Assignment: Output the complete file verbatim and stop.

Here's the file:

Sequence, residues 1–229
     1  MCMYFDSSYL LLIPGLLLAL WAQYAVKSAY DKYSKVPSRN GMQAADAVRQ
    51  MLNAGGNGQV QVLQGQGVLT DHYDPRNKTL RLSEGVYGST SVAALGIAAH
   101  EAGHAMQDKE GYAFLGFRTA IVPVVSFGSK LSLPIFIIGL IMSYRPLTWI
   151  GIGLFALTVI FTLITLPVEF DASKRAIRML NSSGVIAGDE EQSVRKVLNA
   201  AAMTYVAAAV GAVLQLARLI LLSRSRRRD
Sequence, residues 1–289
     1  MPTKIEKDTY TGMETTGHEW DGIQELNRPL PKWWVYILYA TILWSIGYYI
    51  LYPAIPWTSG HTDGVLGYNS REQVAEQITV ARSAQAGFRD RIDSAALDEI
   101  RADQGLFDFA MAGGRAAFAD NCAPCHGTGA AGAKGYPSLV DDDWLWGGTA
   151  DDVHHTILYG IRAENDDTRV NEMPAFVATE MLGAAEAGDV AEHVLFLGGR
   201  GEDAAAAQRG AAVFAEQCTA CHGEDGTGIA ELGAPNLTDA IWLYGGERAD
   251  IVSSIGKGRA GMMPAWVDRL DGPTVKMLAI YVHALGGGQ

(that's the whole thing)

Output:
Sequence, residues 1–229
     1  MCMYFDSSYL LLIPGLLLAL WAQYAVKSAY DKYSKVPSRN GMQAADAVRQ
    51  MLNAGGNGQV QVLQGQGVLT DHYDPRNKTL RLSEGVYGST SVAALGIAAH
   101  EAGHAMQDKE GYAFLGFRTA IVPVVSFGSK LSLPIFIIGL IMSYRPLTWI
   151  GIGLFALTVI FTLITLPVEF DASKRAIRML NSSGVIAGDE EQSVRKVLNA
   201  AAMTYVAAAV GAVLQLARLI LLSRSRRRD
Sequence, residues 1–289
     1  MPTKIEKDTY TGMETTGHEW DGIQELNRPL PKWWVYILYA TILWSIGYYI
    51  LYPAIPWTSG HTDGVLGYNS REQVAEQITV ARSAQAGFRD RIDSAALDEI
   101  RADQGLFDFA MAGGRAAFAD NCAPCHGTGA AGAKGYPSLV DDDWLWGGTA
   151  DDVHHTILYG IRAENDDTRV NEMPAFVATE MLGAAEAGDV AEHVLFLGGR
   201  GEDAAAAQRG AAVFAEQCTA CHGEDGTGIA ELGAPNLTDA IWLYGGERAD
   251  IVSSIGKGRA GMMPAWVDRL DGPTVKMLAI YVHALGGGQ